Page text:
Akhilesh Yadav takes ‘bicycle’ on ride to Jharkhand

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Akhilesh Yadav
Akhilesh Yadav File Photo

You know it’s poll year when you see flag-bearing bicycles and elephants in Jharkhand. The streets of Ranchi are at present filled with the Samajwadi Party insignia because Uttar Pradesh Chief Minister Akhilesh Yadav will arrive in the state capital on 4 September to address about 50,000 party workers from across the state on 5 September.

Samajwadi Party (SP) state president Meraj Khan, who lives in the coal city of Dhanbad, is leading the preparations in the state capital for the party’s heir apparent to discuss strategy for the upcoming general elections in 2014.

The strategy is somewhat akin to that adopted by Gujarat CM Narendra Modi: the party, according to Khan, intends to use its ‘model of governance in UP’. Khan said, “The CM has delivered on poll promises and even passed state legislation in that regard.” But Khan could not outline the strategy they had in mind to take on the BJP which won eight of the 14 Lok Sabha seats in Jharkhand in the 2009 polls

When pointed out that several parts of Jharkhand were bastions of the Sangh Parivar and Modi’s popularity was increasing, an angry Khan retorted, “What Modi? All the craze about him and his work is limited to Gujarat.” However, the Rashtriya Swayamsevak Sangh (RSS) has been expanding over the years here. And the Modi craze is quite apparent in Jharkhand, which has had nine chief ministers and three stints of President’s Rule.

In 2009, the SP had contested 10 seats and in 2014, they plan on contesting all 14 seats. In the 2009 state assembly elections, even the Mayawati-led Bahujan Samaj Party (BSP) had fared better than the SP. BSP had won 2.85% of votes in the 78 seats contested, while the SP had won only 1.35% in the 19 seats contested. Election deposits of SP candidates had been forfeited in all 19 constituencies.

The 5 September meeting in Morhabadi will focus on how to make a dent in the already fractured mandate of Jharkhand. The SP hopes to use their pro-minority and pro-Yadav stance. As per the 2001 census, the tribal population is around 26.3%, of which 91% live in rural Jharkhand. The tribal vote is divided between the Congress and the Sibu Soren-led Jharkhand Mukti Morcha (JMM), which are now leading the state government. The other partner in the ragtag coalition is the Rashtriya Janata Dal (RJD) and around six independents, mostly tribals.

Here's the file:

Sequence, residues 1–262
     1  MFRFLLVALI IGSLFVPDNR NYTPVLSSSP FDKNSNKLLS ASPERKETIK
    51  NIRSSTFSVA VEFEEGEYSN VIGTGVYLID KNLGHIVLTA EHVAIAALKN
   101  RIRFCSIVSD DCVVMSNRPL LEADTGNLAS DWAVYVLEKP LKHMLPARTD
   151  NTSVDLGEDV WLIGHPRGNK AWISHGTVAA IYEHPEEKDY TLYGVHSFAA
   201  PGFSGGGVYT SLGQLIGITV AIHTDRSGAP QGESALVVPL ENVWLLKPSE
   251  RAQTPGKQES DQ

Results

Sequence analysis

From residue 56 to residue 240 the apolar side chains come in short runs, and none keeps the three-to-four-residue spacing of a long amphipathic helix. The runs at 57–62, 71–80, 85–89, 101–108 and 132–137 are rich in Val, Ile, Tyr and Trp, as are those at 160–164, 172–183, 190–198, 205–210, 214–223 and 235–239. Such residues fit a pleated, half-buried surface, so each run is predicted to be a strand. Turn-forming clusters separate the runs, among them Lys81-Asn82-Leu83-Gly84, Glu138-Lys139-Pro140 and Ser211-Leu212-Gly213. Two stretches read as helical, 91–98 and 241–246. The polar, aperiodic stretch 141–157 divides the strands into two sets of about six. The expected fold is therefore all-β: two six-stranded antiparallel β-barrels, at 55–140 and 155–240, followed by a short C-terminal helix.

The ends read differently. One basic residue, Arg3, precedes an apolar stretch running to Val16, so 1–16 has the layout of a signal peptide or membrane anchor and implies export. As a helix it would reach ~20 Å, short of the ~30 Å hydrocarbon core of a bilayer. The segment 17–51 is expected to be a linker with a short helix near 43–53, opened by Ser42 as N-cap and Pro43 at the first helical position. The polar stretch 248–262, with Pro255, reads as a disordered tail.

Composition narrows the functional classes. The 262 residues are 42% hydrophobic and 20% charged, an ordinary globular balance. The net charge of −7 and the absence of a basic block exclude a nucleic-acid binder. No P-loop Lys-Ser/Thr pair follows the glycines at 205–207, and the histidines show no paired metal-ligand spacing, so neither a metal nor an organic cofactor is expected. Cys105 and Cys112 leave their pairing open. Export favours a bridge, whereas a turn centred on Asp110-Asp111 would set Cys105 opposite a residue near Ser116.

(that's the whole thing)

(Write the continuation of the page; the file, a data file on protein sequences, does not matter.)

The BJP takes a section of the tribal vote by using tribal MLAs in several tribal dominated areas such as former CM and BJP’s ex-national general secretary Arjun Munda. The present deputy speaker of the Lok Sabha is Karia Munda, who won on a BJP ticket from Khunti constituency. Khan said that the SP, which has started recruiting tribal leaders, expects to take a chunk of the tribal vote. Without mentioning names, he added, “Several tribal leaders are joining our ranks.”

One of the key winning factors for the SP in UP is the Muslim vote. In Jharkhand, the JMM, with several Muslim MLAs, wins most of the Muslim votes, while the rest goes to the Congress. “In UP, 80% of the Muslim vote is with the SP and we can achieve the same thing here. Even the Santhals (who are around 35% of the tribal population) are tired of supporting the JMM,” said Khan.

Khan has made an executive committee with Kedarnath Yadav, Ranjit Yadav and Pankaj Prasun Tiwari as vice presidents and seven general secretaries. The OBC vote in Jharkhand comprises of Yadavs and the Mahtos, who vote primarily for the RJD in Koderma district and Santhal Parganas (located in the north), despite the division of Bihar.

While divisive tactics might work in UP, the one emerging factor in Jharkhand the SP needs to be careful about is the state’s first chief minister Babulal Marandi. Marandi floated his own party, JVM (P), after splitting from the BJP. The JVM (P) has 11 MLAs and two LS MPs and commands a portion of the OBC vote. Experts say it will win more seats in the upcoming elections, giving the Congress, BJP and JMM a run for their money.

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